Richard Lammons Chevron Global Gas Doha, Qatar March 9-12, 2009 - PowerPoint PPT Presentation

managing the united states lng terminal capacity cycle 7th doha natural gas conference exhibition n.
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Richard Lammons Chevron Global Gas Doha, Qatar March 9-12, 2009

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  1. Managing the United States LNG Terminal Capacity Cycle7th Doha Natural Gas Conference & Exhibition Richard Lammons Chevron Global Gas Doha, Qatar March 9-12, 2009

  2. Cautionary Statement • Chevron has obtained the permission and consent to make the information contained in this presentation available to the recipients of the presentations. Chevron does not make any representations or warranties either express or implied as to the accuracy or completeness of the information, the text, graphics, links or other items contained herein or with respect to the suitability, feasibility, merchantability, title or condition of any of the information contained herein. To the extent the presentation contains forward looking statements by Chevron, these statements are made based on Chevron’s current assessment, and future events may change the basis for the statement. Recipients’ use of the information contained in this presentation is at their own risk, and Chevron expressly disclaims any liability for any errors or omissions and for the use or interpretation thereof by others. The information contained in this presentation is for informational purposes only.

  3. US LNG Terminal History 30 $3.00 Cycle 1 25 $2.50 20 $2.00 Terminal Gas Production Construction $ / MMbtu TCF 15 $1.50 / Mothball 10 $1.00 LNG 5 $0.50 Imports US Wellhead Gas Price PL Gas Imports 0 $0 1940 1950 1960 1970 1980 1990 Source: eia The 1970-1980s realized the US’ first LNG terminal cycle • Domestic gas production plateau • Rising price • Supply outlook

  4. Renewed LNG Interest Oil 25 - 20 - 15 - 10 - 5 - 0 - 30 $9 Gas Cycle 2 $8 25 Consumption1 $7 Production 20 $6 $/MMBtu $5 TCF Million Barrels per Day Production2 15 $4 10 $3 $2 Net Imports 5 US Wellhead $1 Gas Price 1950 1960 1970 1980 1990 2000 0 $0 1990 1995 2000 2005 2010 • Petroleum products supplied is used as an approximation for consumption • Crude oil and natural gas plant liquids production Source: eia Source: EIA • Oil imports exceeded production • Domestic gas production reached plateau • Gas prices began dramatic rise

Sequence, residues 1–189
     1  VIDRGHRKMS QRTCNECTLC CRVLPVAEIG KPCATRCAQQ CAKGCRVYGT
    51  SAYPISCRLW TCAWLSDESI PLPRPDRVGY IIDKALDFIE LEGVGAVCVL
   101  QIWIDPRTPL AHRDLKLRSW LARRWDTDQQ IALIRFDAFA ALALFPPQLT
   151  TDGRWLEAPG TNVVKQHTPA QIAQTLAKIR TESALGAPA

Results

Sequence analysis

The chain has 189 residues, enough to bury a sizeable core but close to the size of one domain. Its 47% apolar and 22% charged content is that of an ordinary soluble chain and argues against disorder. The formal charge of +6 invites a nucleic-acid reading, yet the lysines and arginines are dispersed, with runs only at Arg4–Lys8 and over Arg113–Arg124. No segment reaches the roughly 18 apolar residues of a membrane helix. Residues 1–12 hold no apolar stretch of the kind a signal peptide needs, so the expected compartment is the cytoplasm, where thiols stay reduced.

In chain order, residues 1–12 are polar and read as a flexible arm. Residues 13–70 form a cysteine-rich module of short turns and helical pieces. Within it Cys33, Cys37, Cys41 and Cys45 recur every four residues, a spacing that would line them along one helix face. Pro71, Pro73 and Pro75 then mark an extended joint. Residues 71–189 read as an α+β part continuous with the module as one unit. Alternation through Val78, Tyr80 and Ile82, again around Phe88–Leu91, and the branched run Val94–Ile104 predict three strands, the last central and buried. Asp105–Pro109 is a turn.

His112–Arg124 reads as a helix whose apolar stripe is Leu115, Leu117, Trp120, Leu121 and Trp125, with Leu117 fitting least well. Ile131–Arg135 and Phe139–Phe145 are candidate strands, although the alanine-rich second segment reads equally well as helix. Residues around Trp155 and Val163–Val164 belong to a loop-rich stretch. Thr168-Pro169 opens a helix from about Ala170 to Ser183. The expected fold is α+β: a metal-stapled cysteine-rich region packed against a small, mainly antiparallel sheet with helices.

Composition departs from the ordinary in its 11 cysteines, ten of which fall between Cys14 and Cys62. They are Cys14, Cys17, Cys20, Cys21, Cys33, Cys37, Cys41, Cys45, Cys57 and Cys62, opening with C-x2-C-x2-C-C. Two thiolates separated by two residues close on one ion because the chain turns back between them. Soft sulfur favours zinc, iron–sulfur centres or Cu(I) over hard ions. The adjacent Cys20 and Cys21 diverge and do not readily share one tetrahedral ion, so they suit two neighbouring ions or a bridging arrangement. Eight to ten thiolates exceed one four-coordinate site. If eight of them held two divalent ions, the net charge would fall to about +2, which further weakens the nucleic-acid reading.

5. 2002 Major Turning Point Chevron and others in industry worked to remove economic and regulatory barriers November 2002: Legislation amended DWPA allowing offshore terminal development December 2002: FERC revised onshore terminal policy with the Hackberry decision July 2003: LNG terminals gained national attention Rush of applications underway 5

  6. LNG Terminal Growth 7 6 4 3 2 5 1 Canada or Mexico Source: FERC As of January 15, 2009 • Existing or under construction: 18 (22 Bcfd) • Approved—On Hold: 21 (26 Bcfd) • Proposed: 10 (13 Bcfd) • Potential: 13 (13 Bcfd)62 (74 Bcfd)

  7. Recap of the LNG Terminal Cycle Cycle 1 Terminal Construction Cycle 2 Terminal Re-openings, Expansions, New Construction $9 $8 $7 $6 $5 $/MMBt $4 Excess Capacity, Mothball Excess Capacity, Rationalization $3 $2 $1 $0 30 25 20 15 Gas Production TCF / Year 10 5 PL Gas Imports US Wellhead Gas Price LNG Imports 0 Source: EIA 1940 1950 1960 1970 1980 1990 2000 2010 • As observed from 1970-1980 and 2000–2009 occurrences, there are three fundamental stages Opportunity Growth Rationalization

  8. US Natural Gas Supply Outlook Alternate Views of LNG Imports Unconventional Gas Highly Dependent on Unconventional Gas Performance

  9. Managing the Terminal Cycle • Recognize and promote the value of a strong US natural gas market • Promote active industry initiatives • Build organizational capability

  10. Valued US Natural Gas Market Largest Working Gas Storage Capacity Capture Seasonal Price Differentials 4.0 4.5 2.7 0.1 “ “ ” ” Source: eia Accommodate Seasonal LNG Supply Swings High Liquidity & Extensive Gas Distribution System 120 Source: eia 100 80 215,000 miles Interstate PLs 87,000 miles Intrastate PLs 60 40 20 0 J A S O N D J J F M A M 10

  11. Industry Initiatives Organizations LNG Start-up and Operations Consortium (SOC) Prepare for growth in terminal operations Safe, reliable and efficient operations Center for Liquefied Natural Gas (CLNG) Clearinghouse of educational and technical information Single voice representing LNG issues affecting public policies LNG Shipping Societies Joint Industry Projects for technology development Regulatory Cooperation and Compliance Waterway safety Awareness and training 11

  12. Organizational Capability Grow skilled operational resource base Prepare for increased operations of LNG receiving terminals and vessels Create options to enhance flexibility 12

  13. LNG : The Long ViewAn IOC Perspective • Final Thoughts • Chevron believes the long term fundamentals support investment • LNG is a great fit for our portfolio • We have the resources and balance sheet to succeed

  14. Chevron Global Gas Thank you